Almost 10,000 households in Islington – many of them the borough’s poorest and most vulnerable residents – are expected to be left worse-off under Universal Credit [UC] by the time its rollout in the borough is complete, losing out by an average of £500 per household per year.
More than 4,000 Islington households have been transferred to the new combined benefit since the full service rollout of UC began in Islington in June. There are a further approximately 21,000 households still to go as UC rolls out.
The strain on families, both in work and looking for work, disabled people and the elderly is clear, with 75 per cent of council tenants who receive UC already in rent arrears. The latest figures show the average arrears of council tenants on UC is almost seven times greater than council tenants on Housing Benefit, one of the six benefits being replaced.
Since the rollout of full service Universal Credit began in the borough in June, referrals to Islington Foodbank have quadrupled, with 44 households referred specifically due to UC over the summer alone.
Cllr Andy Hull, the council’s executive member for finance, performance and community safety, said: “The Government’s flagship Universal Credit scheme has been universally discredited. They have had since 2014 to fix the deep problems with UC and have failed to do so.
"In fact, they are failing to process around 12 per cent of claims from residents within their own five-week target – that’s one household in every eight left to fend for themselves for even longer without any money coming in.
"The scheme is already plunging hundreds of our most vulnerable residents into poverty, and thousands more face the same fate unless we can get Government to scrap it now. That’s why we are speaking up before it’s too late to turn this disaster around.”
Bunhill ward councillor Troy Gallagher moved the motion which was passed unanimously at Full Council on 6th December. He said during his speech to fellow councillors: “When I meet residents at my surgeries, or when I check my emails for casework, I am increasingly being approached by people who are at breaking point because of Universal Credit.
"The fact that Universal Credit is only available online is making it harder for those less able to use the internet to access it.”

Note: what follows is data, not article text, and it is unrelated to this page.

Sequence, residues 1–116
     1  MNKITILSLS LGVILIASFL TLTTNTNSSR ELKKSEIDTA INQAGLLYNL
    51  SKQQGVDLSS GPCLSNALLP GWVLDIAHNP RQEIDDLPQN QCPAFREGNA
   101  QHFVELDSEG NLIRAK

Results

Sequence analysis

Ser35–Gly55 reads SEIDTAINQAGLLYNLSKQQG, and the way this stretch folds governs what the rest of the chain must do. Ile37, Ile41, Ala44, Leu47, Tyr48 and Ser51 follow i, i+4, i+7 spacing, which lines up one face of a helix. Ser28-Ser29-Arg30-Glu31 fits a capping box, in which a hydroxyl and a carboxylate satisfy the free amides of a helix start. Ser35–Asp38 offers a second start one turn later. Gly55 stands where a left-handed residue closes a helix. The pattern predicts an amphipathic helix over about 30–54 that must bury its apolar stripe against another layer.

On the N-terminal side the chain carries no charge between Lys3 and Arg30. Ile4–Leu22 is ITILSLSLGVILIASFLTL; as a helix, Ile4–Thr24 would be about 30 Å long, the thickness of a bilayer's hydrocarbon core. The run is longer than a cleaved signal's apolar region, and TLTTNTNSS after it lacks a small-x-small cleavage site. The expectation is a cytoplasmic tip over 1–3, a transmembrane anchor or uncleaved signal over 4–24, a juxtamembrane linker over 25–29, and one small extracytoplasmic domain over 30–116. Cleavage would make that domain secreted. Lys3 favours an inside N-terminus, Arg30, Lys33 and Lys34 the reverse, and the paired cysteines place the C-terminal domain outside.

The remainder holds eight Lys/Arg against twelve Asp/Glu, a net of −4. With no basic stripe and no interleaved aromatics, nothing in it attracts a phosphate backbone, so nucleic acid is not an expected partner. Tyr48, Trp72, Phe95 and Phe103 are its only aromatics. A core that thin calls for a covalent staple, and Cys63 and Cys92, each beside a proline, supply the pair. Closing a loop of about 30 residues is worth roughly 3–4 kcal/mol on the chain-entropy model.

The council will continue to do its best to support affected residents through its own advice, income maximisation and employment services; by helping with the online applications; by making crisis payments for food and fuel through its Resident Support Scheme (the number of these awards doubled in October); and through partners in the local voluntary and community sector, such as Islington Law Centre, Islington People’s Rights and Islington Citizens Advice (who have seen a 20 per cent rise in clients presenting with debt problems since June).
Further work is taking place to identify and offer help to residents who will be transferred onto UC in the future, including with families with children under five years old, whose move to UC will be triggered when their child turns 5.
Last December, Islington Council urged the Government to pause the rollout of UC and fix the significant problems already identified at that stage. While changes have been made, a large number of Islington’s poorest and most vulnerable residents will still be left much worse-off.
On 6th December, the council unanimously passed a motion saying that it has no confidence in UC, which “has been universally discredited and represents a Government policy of deliberate destitution”.
Cllr Richard Watts, leader of the council, will now write to the Prime Minister, urging her to scrap Universal Credit and replace it with a social security system which actually supports people and ensures that nobody is worse-off, rather than driving them into poverty.
Notes to editor
- The full text of the motion can be found here.
- Case studies of Islington residents directly affected by UC are available via the Islington Council press office. Contact Stephen Moore at email@example.com or call 020 7527 3224, or contact the Media Team at firstname.lastname@example.org or on 020 7527 2307.
- Since 2010, the Government has repeatedly made significant cuts to social security budgets, meaning that the budget for Universal Credit is £3 billion lower than the budget was for the benefits it replaces.
- The council’s Policy and Performance Scrutiny Committee is currently conducting a scrutiny review of the roll-out of Universal Credit in Islington in order to understand the impacts on residents and services, and to ensure that measures are in place to mitigate the risks it poses. The review will be published in the spring.
- The council and Islington Food Bank have launched a joint initiative calling for food donations this December, with a collection point set up in Islington Town Hall. Click here for more information.